May 7 – June 19, 2022
Opening Reception: Sunday, May 8 from 2 p.m. – 5 p.m.
Land Back: Carrie Allison, Christi Belcourt, Jeffrey Gibson, Erin Gingrich, Faye Heavyshield, Sky Hopinka, Julia Rose Sutherland, Charlene Vickers, Olivia Whetung
Curator : Michael Patten
Contemporary Native Art Biennial (BACA) – 6th edition

Galerie d’art Stewart Hall
Centre culturel de Pointe-Claire
176 Lakeshore Dr
Pointe-Claire, QC, H9S 4L7

Free shuttle to Pointe-Claire on May 8.
Departure from Montreal at 1:00 pm from gallery Art Mûr
RSVP BACA

Since time immemorial, indigenous peoples have protected biodiversity in the face of continued human population growth. Since contact with settlers, indigenous communities have been stripped of their ancestral lands; the Land Back movement aims to restore governance and stewardship of the land for a sustainable future.

If Land Back is a call to action, a return of equity to a stolen territory, it is also an opening to some questioning. How can we best protect our biodiversity, our land and our water? The first step would be to return the land to its traditional and legitimate protectors. Returning to indigenous knowledge goes beyond symbolic gestures of recognition or inclusion to significantly change practices and structures.

The Land Back movement is not only about land ownership, it is also about reclaiming a culture and an education that has long been repressed, suppressed and silenced. Many Indigenous skills and knowledge, usually passed down from generation to generation, have unfortunately been lost or forgotten over time. An important part of Indigenous cultures is the connection to nature and the cohabitation with the elements. This applies as much to the symbolism of the natural elements as it does to the ways in which their resources can be used, for agriculture and medicine for example.

Some of the artists presented reappropriate ancestral techniques as an act of perpetuation, homage or resistance. Carrie Alllison uses beadwork to represent medicinal flowers indigenous to northwestern Alberta. Erin Gingrich uses sculpture to represent key elements of her community’s subsistence practices such as fishing and cranberry picking. While Christi Belcourt is inspired by floral motifs and Métis beadwork renderings in her work, replacing the roundness of the beads with paint dots made with a needle head.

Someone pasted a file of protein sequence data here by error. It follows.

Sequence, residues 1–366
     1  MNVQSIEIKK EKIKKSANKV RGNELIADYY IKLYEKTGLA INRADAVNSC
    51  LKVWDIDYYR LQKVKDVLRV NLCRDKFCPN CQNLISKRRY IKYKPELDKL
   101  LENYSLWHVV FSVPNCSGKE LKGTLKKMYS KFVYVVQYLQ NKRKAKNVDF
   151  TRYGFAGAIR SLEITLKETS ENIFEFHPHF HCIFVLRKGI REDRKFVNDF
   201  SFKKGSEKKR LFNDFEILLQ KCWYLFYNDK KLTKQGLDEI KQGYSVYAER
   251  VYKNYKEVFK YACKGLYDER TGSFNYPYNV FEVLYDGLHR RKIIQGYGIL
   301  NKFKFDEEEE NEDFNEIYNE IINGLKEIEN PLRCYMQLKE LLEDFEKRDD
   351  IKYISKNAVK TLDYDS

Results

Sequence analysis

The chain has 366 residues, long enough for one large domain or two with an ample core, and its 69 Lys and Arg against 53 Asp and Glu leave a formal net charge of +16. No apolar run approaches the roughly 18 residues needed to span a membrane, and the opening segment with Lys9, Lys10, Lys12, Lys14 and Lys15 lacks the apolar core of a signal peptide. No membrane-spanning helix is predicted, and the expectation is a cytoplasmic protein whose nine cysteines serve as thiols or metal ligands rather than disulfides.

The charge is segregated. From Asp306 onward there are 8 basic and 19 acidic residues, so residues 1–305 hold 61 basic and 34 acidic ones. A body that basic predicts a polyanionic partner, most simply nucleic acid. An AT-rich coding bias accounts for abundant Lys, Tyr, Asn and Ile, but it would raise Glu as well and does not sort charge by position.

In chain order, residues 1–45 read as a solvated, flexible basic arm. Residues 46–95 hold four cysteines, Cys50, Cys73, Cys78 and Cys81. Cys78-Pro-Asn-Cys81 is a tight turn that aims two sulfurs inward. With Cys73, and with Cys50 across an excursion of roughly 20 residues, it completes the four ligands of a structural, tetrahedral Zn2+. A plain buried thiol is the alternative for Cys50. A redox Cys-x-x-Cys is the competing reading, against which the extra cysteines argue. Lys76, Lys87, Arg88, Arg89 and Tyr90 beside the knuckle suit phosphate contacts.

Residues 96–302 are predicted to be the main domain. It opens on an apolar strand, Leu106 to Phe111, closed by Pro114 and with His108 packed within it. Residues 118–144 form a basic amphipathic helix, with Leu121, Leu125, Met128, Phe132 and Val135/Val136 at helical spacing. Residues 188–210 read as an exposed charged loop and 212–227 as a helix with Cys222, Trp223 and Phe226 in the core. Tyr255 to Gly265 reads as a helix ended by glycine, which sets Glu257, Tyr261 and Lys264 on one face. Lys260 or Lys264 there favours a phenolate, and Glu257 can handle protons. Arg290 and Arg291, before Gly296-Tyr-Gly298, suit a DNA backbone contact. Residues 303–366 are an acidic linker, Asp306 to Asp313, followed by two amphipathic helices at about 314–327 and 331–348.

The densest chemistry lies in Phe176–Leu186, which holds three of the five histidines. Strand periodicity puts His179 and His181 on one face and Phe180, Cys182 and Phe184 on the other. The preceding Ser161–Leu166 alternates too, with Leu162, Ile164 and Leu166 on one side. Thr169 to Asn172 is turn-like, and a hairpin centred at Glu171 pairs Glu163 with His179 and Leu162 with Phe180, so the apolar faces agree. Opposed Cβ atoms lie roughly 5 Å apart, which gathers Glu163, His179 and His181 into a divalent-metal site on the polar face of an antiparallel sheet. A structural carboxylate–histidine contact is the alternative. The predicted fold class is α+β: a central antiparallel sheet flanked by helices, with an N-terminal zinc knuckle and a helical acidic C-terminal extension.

As a cornerstone of this exhibition, Jeffrey Gibson presents his video I Was Here (2018), a return to the land as imagined as literal – a deep rootedness in the land and the nurturing earth. Marking the ground with an anonymous scar, it is through performative gesture that Julia Rose Sutherland has invested the exterior of this gallery; a hole in the landscape as a place of opening.

This fraction of the Biennial is placed as an ode to the privileged link that unites indigenous peoples to this land and to its protection.

We would like to acknowledge that BACA is located on unceded Indigenous lands. The Kanien’kehá:ka Nation is recognized as the custodians of the lands and waters on which we gather today. Tiohtiá:ke commonly known as Montreal is historically known as a gathering place for many First Nations. Today, it is home to a diverse population of Indigenous and other peoples. We respect the continued connections with the past, present, and future in our ongoing relationships with Indigenous and other peoples within the Montreal community.

The Biennale d’art contemporain autochtone (BACA) thanks the Canada Council for the Arts, the Government of Quebec (Conseil des arts et des lettres du Québec, Fonds d’investissement pour le rayonnement de la Métropole), Tourisme Montréal, the Conseil des arts de Montréal, Stewart Hall Art Gallery and its other presenting partners.